WASHINGTON — Though a highway bill passed by Congress on Friday won’t mean more federal dollars for Oklahoma in the next two years, the state’s transportation secretary said changes included in the legislation would yield financial benefits.
“I can’t tell you how excited we are about the opportunities Congress is going to provide the states,” Gary Ridley said in an interview. “I think all states will benefit from what they’re doing.”
House and Senate negotiators, including Oklahoma Sen. Jim Inhofe and Rep. James Lankford, concluded work on the bill this week. House Republicans agreed to drop some unrelated provisions such as a requirement that the Keystone XL pipeline be approved, while Democrats agreed to House provisions that will streamline environmental reviews for road and bridge projects.
The bill will eliminate two-thirds of the programs that were part of the last highway bill, approved in 2005, and give states more flexibility in using money that had been required for alternative transportation modes, such as bike paths. Supporters said the environmental review changes could cut the average time of a project in half.
“I think you could say we’ll see the environmental changes speed up a lot of our projects,” Ridley said.
In the case of a bridge that needs to be replaced, he said, the changes in the bill could avoid lengthy review if the new bridge will be on the same “footprint.”
Those kinds of changes, Ridley said, will be “as good as money.”
The highway bill, which will be in effect through most of 2014, will keep Oklahoma at its current funding level of about $612 million a year.
Ridley said that money has about the same buying power as it did just before the recession in 2007. Some costs dropped in the ensuing years but have been steadily rising, he said.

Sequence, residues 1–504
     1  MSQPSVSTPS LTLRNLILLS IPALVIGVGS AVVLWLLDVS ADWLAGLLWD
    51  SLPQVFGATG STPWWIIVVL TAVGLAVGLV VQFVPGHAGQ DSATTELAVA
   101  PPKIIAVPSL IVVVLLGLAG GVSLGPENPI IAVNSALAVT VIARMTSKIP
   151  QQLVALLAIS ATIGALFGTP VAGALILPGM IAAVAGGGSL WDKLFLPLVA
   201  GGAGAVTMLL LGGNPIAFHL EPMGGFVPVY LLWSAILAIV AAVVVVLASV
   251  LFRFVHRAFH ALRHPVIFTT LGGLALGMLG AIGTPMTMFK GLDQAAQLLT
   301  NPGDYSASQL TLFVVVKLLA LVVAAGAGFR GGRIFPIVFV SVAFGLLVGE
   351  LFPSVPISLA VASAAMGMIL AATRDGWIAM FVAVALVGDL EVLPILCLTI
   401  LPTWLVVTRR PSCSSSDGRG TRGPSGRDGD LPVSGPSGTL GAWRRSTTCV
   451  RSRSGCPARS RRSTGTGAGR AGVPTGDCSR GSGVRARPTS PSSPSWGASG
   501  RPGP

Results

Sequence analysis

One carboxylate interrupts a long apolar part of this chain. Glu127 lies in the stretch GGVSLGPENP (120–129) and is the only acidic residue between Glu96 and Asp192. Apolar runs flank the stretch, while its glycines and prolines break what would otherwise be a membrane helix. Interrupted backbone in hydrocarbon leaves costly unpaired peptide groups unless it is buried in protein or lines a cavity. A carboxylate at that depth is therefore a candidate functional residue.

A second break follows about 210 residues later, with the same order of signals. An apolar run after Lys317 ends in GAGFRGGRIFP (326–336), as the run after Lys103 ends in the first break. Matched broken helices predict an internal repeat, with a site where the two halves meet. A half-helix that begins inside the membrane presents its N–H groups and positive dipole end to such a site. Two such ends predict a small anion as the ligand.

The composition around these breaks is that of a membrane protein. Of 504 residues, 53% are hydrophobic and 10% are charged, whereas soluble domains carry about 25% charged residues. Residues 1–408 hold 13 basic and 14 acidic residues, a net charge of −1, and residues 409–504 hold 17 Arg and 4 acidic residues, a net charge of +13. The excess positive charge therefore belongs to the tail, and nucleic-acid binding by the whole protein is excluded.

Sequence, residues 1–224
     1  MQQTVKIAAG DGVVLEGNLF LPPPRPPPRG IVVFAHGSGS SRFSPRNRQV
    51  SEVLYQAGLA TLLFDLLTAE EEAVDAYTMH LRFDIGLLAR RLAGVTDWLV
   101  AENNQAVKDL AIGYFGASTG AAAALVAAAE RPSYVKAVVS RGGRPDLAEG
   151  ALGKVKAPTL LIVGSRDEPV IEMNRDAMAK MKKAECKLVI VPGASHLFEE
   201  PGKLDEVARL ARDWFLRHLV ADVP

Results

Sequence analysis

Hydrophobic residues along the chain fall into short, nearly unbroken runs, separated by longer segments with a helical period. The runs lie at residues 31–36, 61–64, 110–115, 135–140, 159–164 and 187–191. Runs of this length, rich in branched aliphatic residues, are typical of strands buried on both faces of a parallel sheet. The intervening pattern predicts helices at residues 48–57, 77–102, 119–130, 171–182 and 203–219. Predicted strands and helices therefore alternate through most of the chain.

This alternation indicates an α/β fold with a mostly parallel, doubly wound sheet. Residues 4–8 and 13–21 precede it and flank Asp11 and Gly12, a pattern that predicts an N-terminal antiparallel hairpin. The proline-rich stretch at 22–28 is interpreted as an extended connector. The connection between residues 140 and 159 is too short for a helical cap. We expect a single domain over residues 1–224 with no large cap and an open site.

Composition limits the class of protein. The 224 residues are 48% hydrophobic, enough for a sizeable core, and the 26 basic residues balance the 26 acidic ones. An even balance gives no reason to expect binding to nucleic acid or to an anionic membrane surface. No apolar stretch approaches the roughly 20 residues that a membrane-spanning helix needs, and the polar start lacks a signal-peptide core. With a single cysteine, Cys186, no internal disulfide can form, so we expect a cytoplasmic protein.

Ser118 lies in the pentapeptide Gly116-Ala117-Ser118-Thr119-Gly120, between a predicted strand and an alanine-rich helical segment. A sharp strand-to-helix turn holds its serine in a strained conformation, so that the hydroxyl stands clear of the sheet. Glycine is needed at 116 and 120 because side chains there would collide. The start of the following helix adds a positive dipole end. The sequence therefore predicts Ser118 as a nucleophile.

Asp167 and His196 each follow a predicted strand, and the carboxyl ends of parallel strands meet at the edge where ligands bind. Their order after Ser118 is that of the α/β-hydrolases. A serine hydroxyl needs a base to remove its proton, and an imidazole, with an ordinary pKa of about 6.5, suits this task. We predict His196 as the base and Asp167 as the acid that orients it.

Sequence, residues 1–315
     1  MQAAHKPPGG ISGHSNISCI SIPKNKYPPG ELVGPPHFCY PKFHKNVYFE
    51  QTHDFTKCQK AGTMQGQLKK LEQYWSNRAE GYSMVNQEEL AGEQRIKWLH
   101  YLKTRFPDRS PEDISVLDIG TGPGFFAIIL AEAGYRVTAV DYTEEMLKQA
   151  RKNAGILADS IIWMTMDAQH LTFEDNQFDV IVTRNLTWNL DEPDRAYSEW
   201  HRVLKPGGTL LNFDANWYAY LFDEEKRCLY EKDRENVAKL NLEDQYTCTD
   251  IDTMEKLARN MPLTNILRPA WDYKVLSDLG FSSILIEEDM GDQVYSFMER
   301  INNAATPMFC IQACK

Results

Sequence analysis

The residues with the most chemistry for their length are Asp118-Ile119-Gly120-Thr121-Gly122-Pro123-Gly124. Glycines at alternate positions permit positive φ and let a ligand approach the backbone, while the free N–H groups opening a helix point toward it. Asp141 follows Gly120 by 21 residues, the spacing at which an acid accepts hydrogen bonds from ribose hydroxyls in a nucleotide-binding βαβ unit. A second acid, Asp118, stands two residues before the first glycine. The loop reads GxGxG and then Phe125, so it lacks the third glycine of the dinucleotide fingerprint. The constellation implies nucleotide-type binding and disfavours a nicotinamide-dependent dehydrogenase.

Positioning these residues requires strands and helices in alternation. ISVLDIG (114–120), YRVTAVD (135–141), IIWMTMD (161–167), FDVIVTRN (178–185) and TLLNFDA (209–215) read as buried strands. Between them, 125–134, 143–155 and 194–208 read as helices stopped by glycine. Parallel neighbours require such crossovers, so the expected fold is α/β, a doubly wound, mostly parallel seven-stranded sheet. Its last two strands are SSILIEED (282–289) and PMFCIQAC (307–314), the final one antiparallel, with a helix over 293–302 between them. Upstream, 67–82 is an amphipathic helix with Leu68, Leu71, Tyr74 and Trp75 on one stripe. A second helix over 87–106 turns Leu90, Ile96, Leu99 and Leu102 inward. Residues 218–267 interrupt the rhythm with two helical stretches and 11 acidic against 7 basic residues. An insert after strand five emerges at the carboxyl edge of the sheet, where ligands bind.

Inhofe, R-Tulsa, and Lankford, R-Oklahoma City, said the bill includes provisions to allow farmers and ranchers to take their products across state lines without meeting certain commercial vehicle regulations, as long as they are no farther than 150 air miles from their farms.
Of the entire bill, Lankford said, “We were able to create a long-term solution, which will shorten construction permitting schedules, reduce costs, and increase state flexibility. It was essential to give primary transportation decision authority to Oklahoma leadership, rather than keeping the control in Washington, D.C.”
Sen. Barbara Boxer, D-Calif., the top Senate negotiator said the bill “will save and create about three million jobs, provide a boost to the economy by rebuilding our roads and bridges, and make our nation more competitive.”
Inhofe’s role in getting the bill over the finish line was praised by Democratic and Republican lawmakers on Friday.
Inhofe, a big believer in highway funding, spent much of his time trying to persuade conservative House members to agree to a bill “with a lot of zeros in it.” The bill is expected to cost more than $100 billion through the 2014 fiscal year.
“Our bill streamlines environmental review process for the long term, gives more authority and flexibility to the states to decide their own funding priorities, and eliminates or consolidates programs that are duplicative or do not further our national transportation goals — all things conservatives are proud to support,” Inhofe said.
Not all conservatives agreed.
Sen. Bob Corker, R-Tenn., objected to the bill, which also included an extension of current student loan rates, for violating budget ceilings previously approved.
“The message this sends is that the Senate doesn’t have the discipline, the courage, or the will to do what we told the American people we would do to try to get our fiscal house in order,” Corker said.